Whither Cyberspace Scout?
Back in July 1960 when Harper Lee published “To Kill A Mockingbird”, the Internet was a rough skeleton of university and government computer networks, more accustomed to crude bits of data transfer and big ideas yet realized, versus the flood of information and media that we enjoy (or despise), along with programming that some of us work with today. But what if Lee’s nearly universally acclaimed novel — “Mockingbird” was ranked the best novel of the century in 1999 — had been published now, in the Facebook and Twitter age?
“Go Set A Watchman”
Although it is difficult to compare a sequel, set more than one half century forward, we might soon find out. Lee and her representatives are expected in July 2015 to publish Lee’s late, late follow-up, “Go Set A Watchman”. Some question whether the reclusive Lee, at age 88, has a full grasp of these events, or whether she even wrote the new book at all. But her closest friends and advisers say she is “sharp as a tack,” and just doesn’t want to talk or deal with the media, which rings true; Lee has not granted one interview since 1964. And given the torrent of media coverage today, one wonders whether Lee would have tried doing ANY of this, had she started writing in the Internet Age. She might have been bemused and unmotivated trying to take on our current wired and un-wired world, as she showed such courage against mid-century racism and the beauty of co-existing as equal people in her original work.
Social Will Push “Watchman” Exponentially
“Go Set A Watchman” reportedly follows the memorable and charming adolescent character Scout of Mockingbird fame into adult life. This means that handles like “@ScoutWatchman”, or “@HarperLeeSequel”, or similar names will no doubt grace the Twitterverse. This will mean that the Harper Lee machine will push the book on Facebook, and that the immortal good lawyer Atticus Finch, “Mockingbird’s” chief protagonist whom Lee based on her father, will get his own likes, follows and comments on social media.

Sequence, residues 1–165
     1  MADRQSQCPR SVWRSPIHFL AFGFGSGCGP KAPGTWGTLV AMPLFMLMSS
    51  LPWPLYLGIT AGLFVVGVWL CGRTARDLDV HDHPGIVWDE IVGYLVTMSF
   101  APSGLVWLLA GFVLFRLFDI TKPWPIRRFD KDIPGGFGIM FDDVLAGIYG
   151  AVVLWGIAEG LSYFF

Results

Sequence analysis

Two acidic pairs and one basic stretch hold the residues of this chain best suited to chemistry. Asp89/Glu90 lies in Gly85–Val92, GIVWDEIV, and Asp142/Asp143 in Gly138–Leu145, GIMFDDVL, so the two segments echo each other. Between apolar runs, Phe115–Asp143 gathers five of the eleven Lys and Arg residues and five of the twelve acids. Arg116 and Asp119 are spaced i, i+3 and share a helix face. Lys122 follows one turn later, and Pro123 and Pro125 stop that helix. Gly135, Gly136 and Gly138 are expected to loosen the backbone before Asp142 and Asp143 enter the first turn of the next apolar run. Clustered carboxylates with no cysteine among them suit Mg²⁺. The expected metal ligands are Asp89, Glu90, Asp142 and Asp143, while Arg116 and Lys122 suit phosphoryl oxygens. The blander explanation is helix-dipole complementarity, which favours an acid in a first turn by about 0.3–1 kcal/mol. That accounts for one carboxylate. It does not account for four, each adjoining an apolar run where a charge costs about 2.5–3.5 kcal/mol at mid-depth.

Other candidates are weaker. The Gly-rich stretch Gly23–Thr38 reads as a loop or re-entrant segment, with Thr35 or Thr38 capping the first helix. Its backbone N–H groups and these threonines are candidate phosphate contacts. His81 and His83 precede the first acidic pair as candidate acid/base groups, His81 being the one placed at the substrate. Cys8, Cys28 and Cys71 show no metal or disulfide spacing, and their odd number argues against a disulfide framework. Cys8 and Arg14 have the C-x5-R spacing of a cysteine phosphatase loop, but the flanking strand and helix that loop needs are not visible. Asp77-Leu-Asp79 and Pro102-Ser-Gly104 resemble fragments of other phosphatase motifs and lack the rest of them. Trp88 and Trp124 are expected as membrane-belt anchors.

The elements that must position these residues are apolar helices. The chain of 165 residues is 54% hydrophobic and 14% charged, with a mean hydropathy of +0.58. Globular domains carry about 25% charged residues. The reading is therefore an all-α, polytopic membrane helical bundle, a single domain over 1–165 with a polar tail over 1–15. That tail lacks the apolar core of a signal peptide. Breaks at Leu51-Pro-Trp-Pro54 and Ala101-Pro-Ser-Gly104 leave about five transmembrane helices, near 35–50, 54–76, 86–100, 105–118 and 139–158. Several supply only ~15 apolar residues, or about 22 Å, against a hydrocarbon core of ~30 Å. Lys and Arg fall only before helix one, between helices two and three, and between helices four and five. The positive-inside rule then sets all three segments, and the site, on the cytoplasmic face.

Debase Modern Culture Might Have Drowned Out Atticus
The great Atticus Finch, played by Gregory Peck, might also have demurred at what passes for acceptable language and grammar in today’s cell phone- and tablet-fueled world. In the Internet Age, one wonders whether both Atticus and Scout — not to mention Tom Robinson (the falsely and racially accused black farmer) and “Boo” Radley (played by a young Robert Duvall) — might have been drowned out by the likes of the Kardashians, Pit Bull or myriad talking head web flame-throwers.
Although Lee’s original “Mockingbird” automatically blows a great gust of marketing wind into the sequel, we might get a glimpse soon, when “Go Set A Watchman” comes out summer this year.
Greg Goaley, President of WinCommunications in Des Moines, Iowa, is a former copywriter and creative editor, and a 25-year digital content strategist and provider. Kathryn Towner is President of WinM@il USA, a former 15-year sales rep for Random House/McGraw-Hill, and a 20-year permission-based email publications consultant and provider.